GFI problem

Hi, I just replacd to wall sconces in our bathroom. The originals were ugly, however they always worked. I wired the new sconces the same way as the old. After I installed the first one I flipped the switch and voila the new fixture and the remaining old fixture worked. So I removed the last old fixture and installed the last new fixture. Flipped the switch and, nothing. I went down to check the breaker and it wasn't tripped. I checked the GFI in the bathroom and it hadn't tripped. There was no voltage at the switch. Finally I realized that a GFI outlet down in the basement was tripped. I reset it and tada, light. I tried them a little while later and you guessed it nothing. What would cause the GFI to trip when it never did with the old ones? These are wired the same. The only difference is that these fixtures can take up to a 100w bulb the old ones were only 50w. Thanks, Jeff
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Jeff: Simply put, GFIC devices "watch" the white wire (neutral wire) for excessive voltage. When voltage on return line (white wire) exceeds a preset level, it trips and turns off the power coming into the GFI on the hot (black wire) line.
How old is the GFI ? These things can be sensivtive. Ive seen flourescent lights trip them, and even brand new ones have to be re replaced because they tripped prematurely.
Also, the present GFI you have in place MAY be working properly, IF you have a "slight short" in those bath fixtures or wiring.
Good Luck, and please find problem, and dont be tempted to replace GFI with a standard receptical.
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That is incorrect. Lifted from Howstuffworks.com " A GFCI monitors the amount of current flowing from hot to neutral. If there is any imbalance, it trips the circuit. It is able to sense a mismatch as small as 4 or 5 milliamps, and it can react as quickly as one-thirtieth of a second. "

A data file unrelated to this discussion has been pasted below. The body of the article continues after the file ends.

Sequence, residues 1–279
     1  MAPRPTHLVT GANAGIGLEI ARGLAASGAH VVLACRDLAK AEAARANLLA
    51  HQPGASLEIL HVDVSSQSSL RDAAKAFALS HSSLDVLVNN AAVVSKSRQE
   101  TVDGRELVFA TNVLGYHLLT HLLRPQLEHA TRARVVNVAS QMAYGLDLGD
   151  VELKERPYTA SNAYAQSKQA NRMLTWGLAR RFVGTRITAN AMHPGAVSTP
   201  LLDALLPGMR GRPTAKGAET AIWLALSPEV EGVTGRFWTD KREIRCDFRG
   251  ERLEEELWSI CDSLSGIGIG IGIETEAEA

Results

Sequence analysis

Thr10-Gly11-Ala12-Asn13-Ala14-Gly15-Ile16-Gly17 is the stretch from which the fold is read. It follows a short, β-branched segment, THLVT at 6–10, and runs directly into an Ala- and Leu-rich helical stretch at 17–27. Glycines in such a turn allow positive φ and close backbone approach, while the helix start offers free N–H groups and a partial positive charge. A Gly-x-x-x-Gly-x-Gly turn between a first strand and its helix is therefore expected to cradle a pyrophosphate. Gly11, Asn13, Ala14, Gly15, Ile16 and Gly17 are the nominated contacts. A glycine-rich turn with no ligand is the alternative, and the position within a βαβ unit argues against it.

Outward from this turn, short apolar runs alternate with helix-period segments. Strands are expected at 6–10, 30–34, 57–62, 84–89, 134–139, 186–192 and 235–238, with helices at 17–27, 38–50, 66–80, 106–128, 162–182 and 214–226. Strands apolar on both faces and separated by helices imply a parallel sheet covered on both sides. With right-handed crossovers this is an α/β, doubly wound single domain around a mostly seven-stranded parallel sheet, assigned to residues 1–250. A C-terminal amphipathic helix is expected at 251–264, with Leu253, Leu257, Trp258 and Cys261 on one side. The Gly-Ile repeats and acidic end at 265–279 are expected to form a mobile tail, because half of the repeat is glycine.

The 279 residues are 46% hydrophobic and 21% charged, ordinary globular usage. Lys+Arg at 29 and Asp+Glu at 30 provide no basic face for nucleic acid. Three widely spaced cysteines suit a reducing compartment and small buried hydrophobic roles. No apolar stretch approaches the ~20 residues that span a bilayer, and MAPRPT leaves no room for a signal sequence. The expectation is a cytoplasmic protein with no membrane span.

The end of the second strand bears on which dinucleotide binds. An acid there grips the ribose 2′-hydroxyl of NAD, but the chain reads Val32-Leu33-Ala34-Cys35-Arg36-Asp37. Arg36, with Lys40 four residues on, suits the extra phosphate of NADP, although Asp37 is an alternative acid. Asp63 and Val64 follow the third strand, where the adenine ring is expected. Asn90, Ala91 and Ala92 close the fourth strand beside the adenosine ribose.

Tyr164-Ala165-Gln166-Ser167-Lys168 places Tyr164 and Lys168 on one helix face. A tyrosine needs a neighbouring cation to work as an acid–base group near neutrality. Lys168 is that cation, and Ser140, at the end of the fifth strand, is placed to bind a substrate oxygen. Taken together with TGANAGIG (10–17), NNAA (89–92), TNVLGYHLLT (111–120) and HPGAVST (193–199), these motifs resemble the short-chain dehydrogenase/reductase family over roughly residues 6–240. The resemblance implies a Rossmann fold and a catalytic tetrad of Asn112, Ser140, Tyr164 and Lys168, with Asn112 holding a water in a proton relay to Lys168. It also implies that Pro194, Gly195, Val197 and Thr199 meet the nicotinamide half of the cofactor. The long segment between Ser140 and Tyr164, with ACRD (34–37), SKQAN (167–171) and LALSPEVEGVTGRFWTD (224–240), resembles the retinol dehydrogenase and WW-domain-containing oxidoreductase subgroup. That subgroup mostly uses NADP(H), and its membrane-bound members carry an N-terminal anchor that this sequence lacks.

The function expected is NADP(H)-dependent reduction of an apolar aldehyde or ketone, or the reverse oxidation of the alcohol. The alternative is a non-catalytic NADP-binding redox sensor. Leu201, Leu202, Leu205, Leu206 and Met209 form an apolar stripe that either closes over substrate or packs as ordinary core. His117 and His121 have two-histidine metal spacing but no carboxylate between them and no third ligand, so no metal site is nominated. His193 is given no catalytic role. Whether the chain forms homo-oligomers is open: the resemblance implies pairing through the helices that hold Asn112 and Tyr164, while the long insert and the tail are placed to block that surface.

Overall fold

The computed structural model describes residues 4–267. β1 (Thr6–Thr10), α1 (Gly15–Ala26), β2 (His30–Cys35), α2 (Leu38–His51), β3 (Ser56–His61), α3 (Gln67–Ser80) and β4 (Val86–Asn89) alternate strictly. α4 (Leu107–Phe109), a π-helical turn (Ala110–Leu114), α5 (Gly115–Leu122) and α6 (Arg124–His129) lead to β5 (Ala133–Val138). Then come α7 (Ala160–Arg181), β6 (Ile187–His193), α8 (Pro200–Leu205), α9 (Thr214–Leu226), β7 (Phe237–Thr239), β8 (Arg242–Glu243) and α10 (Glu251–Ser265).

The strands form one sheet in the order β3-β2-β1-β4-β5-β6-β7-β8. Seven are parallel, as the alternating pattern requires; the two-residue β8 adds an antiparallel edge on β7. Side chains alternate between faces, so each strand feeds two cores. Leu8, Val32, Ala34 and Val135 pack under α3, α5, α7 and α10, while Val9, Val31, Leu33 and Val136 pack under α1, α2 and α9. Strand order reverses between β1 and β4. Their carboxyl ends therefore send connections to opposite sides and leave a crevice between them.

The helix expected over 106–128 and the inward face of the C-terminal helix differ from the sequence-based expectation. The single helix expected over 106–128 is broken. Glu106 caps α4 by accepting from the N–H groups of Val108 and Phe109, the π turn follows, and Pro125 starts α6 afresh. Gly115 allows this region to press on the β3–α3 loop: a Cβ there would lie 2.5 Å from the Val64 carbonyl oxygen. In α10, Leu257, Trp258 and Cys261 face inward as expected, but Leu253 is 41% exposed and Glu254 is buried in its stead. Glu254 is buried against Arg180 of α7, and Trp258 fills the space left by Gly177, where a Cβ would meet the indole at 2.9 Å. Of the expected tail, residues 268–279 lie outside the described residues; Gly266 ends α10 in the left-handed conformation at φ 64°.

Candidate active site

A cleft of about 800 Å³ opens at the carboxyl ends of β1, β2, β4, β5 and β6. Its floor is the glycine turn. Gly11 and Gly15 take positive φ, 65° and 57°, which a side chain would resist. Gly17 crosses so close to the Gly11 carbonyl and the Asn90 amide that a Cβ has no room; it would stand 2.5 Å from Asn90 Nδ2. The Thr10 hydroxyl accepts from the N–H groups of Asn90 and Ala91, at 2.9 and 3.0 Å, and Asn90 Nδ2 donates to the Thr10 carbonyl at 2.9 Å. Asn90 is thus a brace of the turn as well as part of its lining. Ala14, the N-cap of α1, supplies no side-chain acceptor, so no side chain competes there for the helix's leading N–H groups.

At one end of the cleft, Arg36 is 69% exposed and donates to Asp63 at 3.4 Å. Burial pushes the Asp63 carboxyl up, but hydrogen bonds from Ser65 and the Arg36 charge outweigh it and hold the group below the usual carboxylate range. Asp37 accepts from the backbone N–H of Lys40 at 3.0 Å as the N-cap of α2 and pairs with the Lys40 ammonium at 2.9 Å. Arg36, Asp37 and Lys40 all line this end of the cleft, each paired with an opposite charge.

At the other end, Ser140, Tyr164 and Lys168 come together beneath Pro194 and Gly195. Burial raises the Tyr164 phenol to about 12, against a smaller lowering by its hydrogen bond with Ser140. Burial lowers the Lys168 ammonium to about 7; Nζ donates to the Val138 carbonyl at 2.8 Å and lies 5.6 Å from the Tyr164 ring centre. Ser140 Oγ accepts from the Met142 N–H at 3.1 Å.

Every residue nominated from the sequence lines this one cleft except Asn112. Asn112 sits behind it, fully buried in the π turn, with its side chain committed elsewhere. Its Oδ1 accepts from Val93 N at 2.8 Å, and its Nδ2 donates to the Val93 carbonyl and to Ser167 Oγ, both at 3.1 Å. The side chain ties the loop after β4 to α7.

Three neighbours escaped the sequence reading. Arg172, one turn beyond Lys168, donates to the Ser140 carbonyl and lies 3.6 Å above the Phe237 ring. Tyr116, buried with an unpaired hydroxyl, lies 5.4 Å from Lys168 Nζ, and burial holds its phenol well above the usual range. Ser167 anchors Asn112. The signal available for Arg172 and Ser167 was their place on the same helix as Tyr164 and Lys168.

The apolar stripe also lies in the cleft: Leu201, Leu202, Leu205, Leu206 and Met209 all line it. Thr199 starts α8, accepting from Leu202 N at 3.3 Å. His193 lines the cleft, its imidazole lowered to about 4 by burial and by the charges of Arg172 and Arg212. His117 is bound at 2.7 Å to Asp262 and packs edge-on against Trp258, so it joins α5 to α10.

See http://electronics.howstuffworks.com/question117.htm for a complete explanation of how they work and what they do.
Steve B.
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On Sat, 16 Oct 2004 18:02:22 -0400, "Jeff Guay"

Theres a good chance that you either have a problem with your wiring or your fixture. Take the second fixture down and wirenut the loose wires then see if the problem repeats. If not check for stray strands of wire that might have been sticking out, You can also swap the fixtures to see if the problem stays with the one fixture or stays with the location.
Steve B.
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GFI outlet anymore, now that they cost only a few dollars. The only time I ever would is in kitchen situations, where the outlets are just a few feet apart.
The 20A version is not particularly cheap or as available as the 15A variety. That plus paying $12 for an receptacle made in China does bug me a bit. Not to mention that these things are huge and can't be put in most existing electrical boxes.
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I wonder about a partial short, from hot to ground. Check your wiring again, I don't think it is the more powerful bulb. You will probably have to do some detective work to narrow down the problem. Dissect the circuit back from the distal end to localize the problem. Do you know the total draw on the circuit?
Dave

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